Mainstream media’s take on obesity—the new normal?
In Frank Bruni’s opinion column earlier this week in the New York Times (see link below), he actually suggested that it is surprising that more of us are not obese already. That’s because, as he also suggests, we’re just following our natural instincts in an unnatural world. And I agree.
But we are the brightest of all species, we have a superior cognitive niche and we should be able to figure out what we should be eating. And we should be able to share that simple information with humans everywhere. Further, the leaders of the world should take steps to make sure that a superior diet is not only available—but also attractive and affordable for everyone. From his article:
What if we have it backward? What if the 310-pound man trying to jam into the middle seat and the 225-pound woman breaking into a sweat only halfway up the stairs aren’t the undisciplined miscreants of modern American life but the very emblems of it?
What if fatness, even obesity, is less a lurking danger than a likely destiny, and the surprise isn’t how many seriously overweight people are out there but how few?
Those are among the unsettling questions raised, at least implicitly, by “The Weight of the Nation,” an ambitious multiplatform project that takes the full measure of our girth, its genesis and its toll. (That documentary will premiere on HBO on May 14, 2012; a book with the same title will be published prior to the airing by St. Martin’s Press.)
Following in the heavy footsteps of “The Omnivore’s Dilemma,” “The End of Overeating,” “The End of Food” and much else, “The Weight of the Nation” makes an especially persuasive case that gluttony isn’t Americans’ problem. Agriculture and abundance are.
Whose fault is it? I agree that modern agriculture and abundance are indeed problems, but they are like crazed juveniles running wild with no adult supervision. And the supervision that is missing is our government, our schools of nutrition, mainstream medicine and the media that’s supposed to be keeping everyone honest.
The root of the problem is that our schools of nutrition have become nothing but puppets for the the vast food industry. We have thousands of nutritional scientists advising us on what we should be eating—yet only a precious few of them are telling us exactly what we need to do to promote health. That’s because it wouldn’t be very profitable for the food giants that are paying the bills.
Dr. T. Colin Campbell is one of those precious few men of integrity. While chatting with him this past Sunday at a conference in Massachusetts, I asked him, “Besides yourself, how many nutritional scientists have genuinely and fully embraced the whole foods, plant-based diet as what we all should be eating?” He couldn’t think of any others—which explains the background for his recent article in a Cornell newspaper. Academic “Unfreedom” at Cornell—T. Colin Campbell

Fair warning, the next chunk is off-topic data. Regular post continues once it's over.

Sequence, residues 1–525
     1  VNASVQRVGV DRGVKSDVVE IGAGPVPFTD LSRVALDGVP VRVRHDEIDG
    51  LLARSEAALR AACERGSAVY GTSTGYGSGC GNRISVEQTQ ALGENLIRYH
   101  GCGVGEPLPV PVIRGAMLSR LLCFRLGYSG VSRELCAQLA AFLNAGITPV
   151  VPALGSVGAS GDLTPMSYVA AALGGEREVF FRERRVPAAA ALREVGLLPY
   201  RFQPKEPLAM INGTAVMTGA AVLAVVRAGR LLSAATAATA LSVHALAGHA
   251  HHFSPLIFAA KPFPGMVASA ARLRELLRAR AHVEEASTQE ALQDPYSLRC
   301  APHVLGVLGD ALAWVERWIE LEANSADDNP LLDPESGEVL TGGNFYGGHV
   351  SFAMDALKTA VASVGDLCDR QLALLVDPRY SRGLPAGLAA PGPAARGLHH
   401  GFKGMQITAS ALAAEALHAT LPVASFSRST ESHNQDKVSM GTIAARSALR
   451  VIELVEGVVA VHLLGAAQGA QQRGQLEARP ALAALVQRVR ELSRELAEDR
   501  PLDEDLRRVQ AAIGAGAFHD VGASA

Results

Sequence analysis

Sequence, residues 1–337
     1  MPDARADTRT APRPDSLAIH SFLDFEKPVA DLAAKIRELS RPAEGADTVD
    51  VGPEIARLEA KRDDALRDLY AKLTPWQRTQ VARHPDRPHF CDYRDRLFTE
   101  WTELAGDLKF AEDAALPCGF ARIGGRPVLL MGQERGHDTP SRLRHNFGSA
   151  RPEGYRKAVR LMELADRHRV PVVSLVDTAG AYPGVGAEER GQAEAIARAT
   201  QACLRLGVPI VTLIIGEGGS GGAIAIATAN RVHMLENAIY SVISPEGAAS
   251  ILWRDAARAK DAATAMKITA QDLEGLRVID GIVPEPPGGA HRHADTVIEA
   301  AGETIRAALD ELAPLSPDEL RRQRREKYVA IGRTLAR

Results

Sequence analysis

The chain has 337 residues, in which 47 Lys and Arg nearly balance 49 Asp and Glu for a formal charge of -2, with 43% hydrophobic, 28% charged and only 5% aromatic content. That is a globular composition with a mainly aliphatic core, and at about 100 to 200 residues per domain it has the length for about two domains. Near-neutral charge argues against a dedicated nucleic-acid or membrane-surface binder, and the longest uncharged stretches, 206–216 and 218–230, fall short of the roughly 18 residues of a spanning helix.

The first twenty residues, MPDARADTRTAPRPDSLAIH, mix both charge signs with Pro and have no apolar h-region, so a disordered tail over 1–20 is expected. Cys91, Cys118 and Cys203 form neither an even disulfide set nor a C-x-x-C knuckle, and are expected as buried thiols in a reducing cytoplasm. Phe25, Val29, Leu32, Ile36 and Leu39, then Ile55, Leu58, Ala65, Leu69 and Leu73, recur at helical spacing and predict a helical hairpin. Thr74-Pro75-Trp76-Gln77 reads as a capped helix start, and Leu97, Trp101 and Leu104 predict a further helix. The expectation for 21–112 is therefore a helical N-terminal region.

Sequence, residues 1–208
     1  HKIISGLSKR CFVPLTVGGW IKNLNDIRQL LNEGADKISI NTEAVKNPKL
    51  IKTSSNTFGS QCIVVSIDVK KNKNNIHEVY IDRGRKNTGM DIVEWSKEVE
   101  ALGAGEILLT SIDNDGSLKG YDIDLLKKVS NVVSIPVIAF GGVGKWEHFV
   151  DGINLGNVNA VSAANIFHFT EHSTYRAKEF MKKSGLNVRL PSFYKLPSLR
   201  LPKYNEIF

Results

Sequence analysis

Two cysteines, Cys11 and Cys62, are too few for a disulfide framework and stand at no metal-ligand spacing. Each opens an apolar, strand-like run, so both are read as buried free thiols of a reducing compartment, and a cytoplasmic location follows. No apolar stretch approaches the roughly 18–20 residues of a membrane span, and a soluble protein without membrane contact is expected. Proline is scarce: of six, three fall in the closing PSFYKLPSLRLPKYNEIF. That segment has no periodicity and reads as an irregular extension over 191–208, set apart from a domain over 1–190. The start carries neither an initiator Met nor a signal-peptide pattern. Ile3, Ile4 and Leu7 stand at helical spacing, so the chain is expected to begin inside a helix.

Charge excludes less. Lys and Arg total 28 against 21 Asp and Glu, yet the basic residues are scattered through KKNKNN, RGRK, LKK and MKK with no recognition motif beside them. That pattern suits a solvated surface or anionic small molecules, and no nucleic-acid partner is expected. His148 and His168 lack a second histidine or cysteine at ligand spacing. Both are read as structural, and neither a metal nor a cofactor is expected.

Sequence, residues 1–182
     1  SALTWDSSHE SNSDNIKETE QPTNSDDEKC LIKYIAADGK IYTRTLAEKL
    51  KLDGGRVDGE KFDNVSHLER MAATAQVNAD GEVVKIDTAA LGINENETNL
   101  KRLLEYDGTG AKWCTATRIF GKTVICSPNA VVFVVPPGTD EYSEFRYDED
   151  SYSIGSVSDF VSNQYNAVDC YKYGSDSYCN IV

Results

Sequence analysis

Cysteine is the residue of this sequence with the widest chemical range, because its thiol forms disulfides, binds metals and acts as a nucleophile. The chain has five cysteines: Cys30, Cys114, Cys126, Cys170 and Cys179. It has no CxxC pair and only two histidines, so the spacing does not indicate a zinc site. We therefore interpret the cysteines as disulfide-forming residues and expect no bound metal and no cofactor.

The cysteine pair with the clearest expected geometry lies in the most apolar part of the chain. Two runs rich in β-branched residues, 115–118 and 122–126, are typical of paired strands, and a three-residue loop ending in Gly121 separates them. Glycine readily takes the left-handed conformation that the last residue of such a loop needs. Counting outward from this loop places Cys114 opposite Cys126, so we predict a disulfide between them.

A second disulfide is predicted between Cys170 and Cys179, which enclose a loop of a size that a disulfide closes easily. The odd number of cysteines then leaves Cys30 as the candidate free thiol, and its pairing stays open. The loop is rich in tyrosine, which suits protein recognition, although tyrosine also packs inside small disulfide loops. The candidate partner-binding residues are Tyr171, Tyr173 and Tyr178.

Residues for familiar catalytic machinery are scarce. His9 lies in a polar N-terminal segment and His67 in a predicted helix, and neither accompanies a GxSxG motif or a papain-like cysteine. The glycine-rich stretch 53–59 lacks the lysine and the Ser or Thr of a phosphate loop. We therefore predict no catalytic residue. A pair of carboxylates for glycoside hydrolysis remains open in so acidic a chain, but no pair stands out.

Telling the truth about nutrition. Sadly, we’re a long way from seeing the day where our scientific community “gets it right” and is willing to take a stand against the food industry—to which it currently owes its livelihood. Eventually, we must tell the truth about nutrition to everyone.
Dr. Campbell and his son did just that in The China Study (2005). Although that great book has been read by about one million people, over 99% of our population has never heard of it. And, while most of Dr. Campbell’s scientific peers have heard of it, he estimates that most of them have not read his book.
To restate the root issue, “we’re simply following our natural instincts in an unnatural world.” And Bruni describes the problem very well in the article—but comes up way short on the necessary solution:
“We’re simply not genetically programmed to refuse calories when they’re within arm’s reach,” said Thomas A. Farley, New York City’s health commissioner, when I spoke to him recently. He is one of dozens of leading physicians, academicians and public-health experts who appear in “The Weight of the Nation.”
John Hoffman, an executive producer of the documentary, told me: “Evolutionarily, there was no condition that existed when we were living with too much fat storage. We’ve only known a world of plenty for maybe 100 years. Our biological systems haven’t adapted to it.”
My proposed solution continues to be what I call our Harmony Project and it all begins with dispelling the protein myth. What will it take to execute that project before it’s too late? The late, great Dr. W. Edwards Deming would say, “Three things are essential for change: Leadership, Leadership, and Leadership!”
Bruni’s New York Times column—And Love Handles for All
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—J. Morris Hicks, board member, T. Colin Campbell Foundation